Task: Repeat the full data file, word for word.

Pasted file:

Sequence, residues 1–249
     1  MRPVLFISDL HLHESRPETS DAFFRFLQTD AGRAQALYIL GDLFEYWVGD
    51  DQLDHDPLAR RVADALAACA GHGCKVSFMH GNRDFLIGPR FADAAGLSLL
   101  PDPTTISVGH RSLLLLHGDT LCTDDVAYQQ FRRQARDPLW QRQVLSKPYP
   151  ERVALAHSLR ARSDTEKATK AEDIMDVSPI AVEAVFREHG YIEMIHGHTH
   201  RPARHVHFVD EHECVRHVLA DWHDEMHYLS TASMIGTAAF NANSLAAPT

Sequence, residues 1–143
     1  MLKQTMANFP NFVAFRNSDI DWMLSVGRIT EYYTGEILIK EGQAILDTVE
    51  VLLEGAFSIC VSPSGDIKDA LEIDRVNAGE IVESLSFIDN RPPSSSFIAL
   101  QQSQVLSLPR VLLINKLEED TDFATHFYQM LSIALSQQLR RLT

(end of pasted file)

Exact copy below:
Sequence, residues 1–249
     1  MRPVLFISDL HLHESRPETS DAFFRFLQTD AGRAQALYIL GDLFEYWVGD
    51  DQLDHDPLAR RVADALAACA GHGCKVSFMH GNRDFLIGPR FADAAGLSLL
   101  PDPTTISVGH RSLLLLHGDT LCTDDVAYQQ FRRQARDPLW QRQVLSKPYP
   151  ERVALAHSLR ARSDTEKATK AEDIMDVSPI AVEAVFREHG YIEMIHGHTH
   201  RPARHVHFVD EHECVRHVLA DWHDEMHYLS TASMIGTAAF NANSLAAPT

Sequence, residues 1–143
     1  MLKQTMANFP NFVAFRNSDI DWMLSVGRIT EYYTGEILIK EGQAILDTVE
    51  VLLEGAFSIC VSPSGDIKDA LEIDRVNAGE IVESLSFIDN RPPSSSFIAL
   101  QQSQVLSLPR VLLINKLEED TDFATHFYQM LSIALSQQLR RLT